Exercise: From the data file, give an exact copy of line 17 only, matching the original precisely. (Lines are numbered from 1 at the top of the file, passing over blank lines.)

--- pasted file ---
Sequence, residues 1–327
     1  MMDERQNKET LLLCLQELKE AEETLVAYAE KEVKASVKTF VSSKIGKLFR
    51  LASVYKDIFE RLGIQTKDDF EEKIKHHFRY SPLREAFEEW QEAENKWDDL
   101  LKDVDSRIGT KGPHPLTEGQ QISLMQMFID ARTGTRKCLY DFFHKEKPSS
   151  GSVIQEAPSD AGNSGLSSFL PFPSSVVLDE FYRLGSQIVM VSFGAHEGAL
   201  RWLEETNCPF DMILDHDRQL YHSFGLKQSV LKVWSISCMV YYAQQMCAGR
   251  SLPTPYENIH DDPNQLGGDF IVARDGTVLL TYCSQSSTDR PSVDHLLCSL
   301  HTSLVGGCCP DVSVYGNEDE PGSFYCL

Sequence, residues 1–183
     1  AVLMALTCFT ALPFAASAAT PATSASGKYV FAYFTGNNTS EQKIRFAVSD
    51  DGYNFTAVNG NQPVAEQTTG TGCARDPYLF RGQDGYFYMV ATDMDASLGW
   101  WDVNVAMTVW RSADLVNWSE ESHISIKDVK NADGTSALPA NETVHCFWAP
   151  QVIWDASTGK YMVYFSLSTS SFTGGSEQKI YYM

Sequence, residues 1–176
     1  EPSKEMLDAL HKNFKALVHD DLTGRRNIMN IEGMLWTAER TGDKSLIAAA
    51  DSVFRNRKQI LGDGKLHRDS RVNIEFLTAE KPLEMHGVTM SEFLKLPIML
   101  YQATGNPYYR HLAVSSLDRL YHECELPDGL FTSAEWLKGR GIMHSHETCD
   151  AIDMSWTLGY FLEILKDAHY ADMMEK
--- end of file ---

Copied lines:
   101  YQATGNPYYR HLAVSSLDRL YHECELPDGL FTSAEWLKGR GIMHSHETCD